Whether you refer to it as eyewitness media or user-generated content (UGC), news content found on social platforms is an unprecedented resource to journalists everywhere.
Yet so far, there has been a lack of ethical standards and best practices for media outlets using this content that reach across the board.
Especially in light of breaking news events like the recent bombings in Brussels, Ankara, Lahore and Yemen, the need to build a set of strong ethical guidelines for newsrooms worldwide is more evident than ever. In situations like these, it’s easy for an falsified video or photo of an attack to be proliferated as true. Witnessing the sometimes graphic imagery in UGC can also endanger journalists’ psychological well-being.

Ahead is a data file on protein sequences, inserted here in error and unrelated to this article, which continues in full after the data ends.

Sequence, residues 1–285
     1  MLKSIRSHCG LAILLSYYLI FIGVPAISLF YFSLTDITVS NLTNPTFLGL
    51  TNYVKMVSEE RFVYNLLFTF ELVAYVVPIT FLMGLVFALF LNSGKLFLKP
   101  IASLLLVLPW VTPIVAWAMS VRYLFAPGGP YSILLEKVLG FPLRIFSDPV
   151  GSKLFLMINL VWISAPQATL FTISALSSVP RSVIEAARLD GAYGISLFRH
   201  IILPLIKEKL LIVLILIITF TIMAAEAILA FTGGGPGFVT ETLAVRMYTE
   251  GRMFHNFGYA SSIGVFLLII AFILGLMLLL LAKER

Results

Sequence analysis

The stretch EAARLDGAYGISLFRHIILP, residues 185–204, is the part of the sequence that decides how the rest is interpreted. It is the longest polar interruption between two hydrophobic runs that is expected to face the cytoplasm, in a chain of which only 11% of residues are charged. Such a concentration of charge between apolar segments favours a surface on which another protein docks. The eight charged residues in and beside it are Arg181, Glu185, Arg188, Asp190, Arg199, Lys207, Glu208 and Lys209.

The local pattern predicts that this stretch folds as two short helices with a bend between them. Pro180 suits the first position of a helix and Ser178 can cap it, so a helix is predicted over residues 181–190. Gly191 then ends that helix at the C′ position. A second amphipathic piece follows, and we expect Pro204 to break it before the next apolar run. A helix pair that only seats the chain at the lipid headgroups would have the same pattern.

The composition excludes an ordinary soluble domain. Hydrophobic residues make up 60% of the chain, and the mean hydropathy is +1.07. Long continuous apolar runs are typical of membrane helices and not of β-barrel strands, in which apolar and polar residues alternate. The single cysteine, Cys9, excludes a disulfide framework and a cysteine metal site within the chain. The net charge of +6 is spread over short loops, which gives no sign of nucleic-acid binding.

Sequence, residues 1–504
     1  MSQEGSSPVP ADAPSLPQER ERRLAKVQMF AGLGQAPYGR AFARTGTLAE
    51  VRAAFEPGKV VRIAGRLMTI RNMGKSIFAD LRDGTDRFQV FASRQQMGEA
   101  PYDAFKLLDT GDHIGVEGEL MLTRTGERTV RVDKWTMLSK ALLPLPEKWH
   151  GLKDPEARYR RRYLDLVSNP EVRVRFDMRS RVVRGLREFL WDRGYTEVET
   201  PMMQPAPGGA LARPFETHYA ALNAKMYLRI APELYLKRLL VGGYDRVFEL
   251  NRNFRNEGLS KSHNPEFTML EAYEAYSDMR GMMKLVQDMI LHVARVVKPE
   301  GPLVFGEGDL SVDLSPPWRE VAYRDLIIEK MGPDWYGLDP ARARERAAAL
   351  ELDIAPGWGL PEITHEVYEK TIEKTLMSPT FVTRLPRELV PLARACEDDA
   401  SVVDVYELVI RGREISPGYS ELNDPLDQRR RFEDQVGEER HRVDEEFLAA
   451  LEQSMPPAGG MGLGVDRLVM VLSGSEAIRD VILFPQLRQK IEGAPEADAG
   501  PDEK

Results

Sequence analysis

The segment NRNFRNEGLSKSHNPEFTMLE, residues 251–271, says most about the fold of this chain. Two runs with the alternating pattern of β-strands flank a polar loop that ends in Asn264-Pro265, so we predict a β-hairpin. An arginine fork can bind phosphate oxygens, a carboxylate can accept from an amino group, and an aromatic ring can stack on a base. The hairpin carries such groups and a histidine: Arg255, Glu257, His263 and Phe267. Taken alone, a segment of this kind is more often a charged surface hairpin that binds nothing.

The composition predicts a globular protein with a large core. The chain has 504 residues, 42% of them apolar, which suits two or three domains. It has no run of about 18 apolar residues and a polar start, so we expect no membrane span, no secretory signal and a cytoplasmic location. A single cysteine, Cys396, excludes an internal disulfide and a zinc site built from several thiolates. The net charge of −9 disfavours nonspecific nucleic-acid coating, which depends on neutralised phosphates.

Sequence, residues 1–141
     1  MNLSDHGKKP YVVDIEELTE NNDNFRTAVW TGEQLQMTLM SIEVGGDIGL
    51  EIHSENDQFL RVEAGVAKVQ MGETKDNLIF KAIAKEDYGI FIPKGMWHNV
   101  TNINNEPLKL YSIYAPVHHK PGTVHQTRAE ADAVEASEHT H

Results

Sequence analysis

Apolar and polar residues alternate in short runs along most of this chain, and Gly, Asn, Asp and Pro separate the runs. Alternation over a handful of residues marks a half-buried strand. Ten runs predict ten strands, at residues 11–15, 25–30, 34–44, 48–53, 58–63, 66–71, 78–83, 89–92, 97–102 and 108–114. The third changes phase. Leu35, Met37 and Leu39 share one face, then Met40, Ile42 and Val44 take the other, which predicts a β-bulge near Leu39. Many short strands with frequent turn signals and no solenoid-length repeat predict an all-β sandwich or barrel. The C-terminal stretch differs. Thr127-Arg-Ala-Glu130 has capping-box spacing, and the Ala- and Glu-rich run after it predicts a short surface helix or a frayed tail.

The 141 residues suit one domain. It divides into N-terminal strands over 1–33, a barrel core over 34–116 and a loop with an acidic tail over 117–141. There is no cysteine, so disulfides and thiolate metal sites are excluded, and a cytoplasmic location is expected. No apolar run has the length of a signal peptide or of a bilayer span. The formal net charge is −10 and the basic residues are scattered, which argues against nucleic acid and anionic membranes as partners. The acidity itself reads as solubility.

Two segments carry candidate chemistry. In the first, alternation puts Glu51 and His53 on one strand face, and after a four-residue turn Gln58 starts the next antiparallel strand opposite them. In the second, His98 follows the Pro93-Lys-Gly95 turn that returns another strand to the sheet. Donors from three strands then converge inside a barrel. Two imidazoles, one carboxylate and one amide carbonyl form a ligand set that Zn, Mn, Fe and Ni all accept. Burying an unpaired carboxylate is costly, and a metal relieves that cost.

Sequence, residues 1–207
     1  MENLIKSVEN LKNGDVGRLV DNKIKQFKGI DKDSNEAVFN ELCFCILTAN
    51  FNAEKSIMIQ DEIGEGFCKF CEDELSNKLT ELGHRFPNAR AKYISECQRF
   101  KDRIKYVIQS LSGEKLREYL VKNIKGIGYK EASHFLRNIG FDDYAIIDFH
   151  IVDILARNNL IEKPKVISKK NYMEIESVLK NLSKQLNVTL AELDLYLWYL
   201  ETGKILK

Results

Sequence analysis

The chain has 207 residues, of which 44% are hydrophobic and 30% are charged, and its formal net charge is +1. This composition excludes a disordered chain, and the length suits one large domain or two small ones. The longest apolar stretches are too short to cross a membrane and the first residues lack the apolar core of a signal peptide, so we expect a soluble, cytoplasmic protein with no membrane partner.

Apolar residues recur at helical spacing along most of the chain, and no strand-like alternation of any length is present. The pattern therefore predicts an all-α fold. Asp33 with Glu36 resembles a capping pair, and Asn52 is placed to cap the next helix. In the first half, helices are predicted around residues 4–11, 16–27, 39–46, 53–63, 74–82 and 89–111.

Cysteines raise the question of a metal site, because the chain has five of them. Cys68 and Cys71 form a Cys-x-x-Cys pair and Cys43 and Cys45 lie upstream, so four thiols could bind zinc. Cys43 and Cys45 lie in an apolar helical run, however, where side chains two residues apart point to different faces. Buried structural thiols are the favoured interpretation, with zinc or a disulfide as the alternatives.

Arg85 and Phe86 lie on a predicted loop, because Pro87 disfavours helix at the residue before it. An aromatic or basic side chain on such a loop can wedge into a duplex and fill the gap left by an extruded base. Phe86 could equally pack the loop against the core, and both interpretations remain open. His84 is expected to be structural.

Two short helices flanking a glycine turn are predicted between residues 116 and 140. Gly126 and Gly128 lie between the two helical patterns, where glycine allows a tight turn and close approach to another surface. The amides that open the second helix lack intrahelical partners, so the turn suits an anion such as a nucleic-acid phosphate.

That’s why the Online News Association (ONA) recently released its social newsgathering ethics code, a project years in the making.
“Moments like these challenge us, as journalists, to tell a fast-moving story in a way that’s informative, detailed and accurate,” wrote Eric Carvin, social media editor at the Associated Press and one of the code’s architects. “These days, a big part of that job involves wading through a roiling sea of digital content and making sense out of what we surface.”
The code covers 10 key issues inherent in social newsgathering, from verification of eyewitness content — and being transparent about said verification — to obtaining informed consent of the individuals who create this content. Newsrooms of any size can develop a standard for reaching out to eyewitnesses, negotiating content usage, crediting content creators and more.
Several news organizations have endorsed ONA’s ethics code so far, including Storify, The Guardian, The BBC, CNN and more. News outlets can choose to become a supporter of the code and be listed on the code’s homepage to signify that they’ve adopted it in their own newsroom.
Click here to check out the full code.
Main image CC-licensed by Flickr via michael davis-burchat.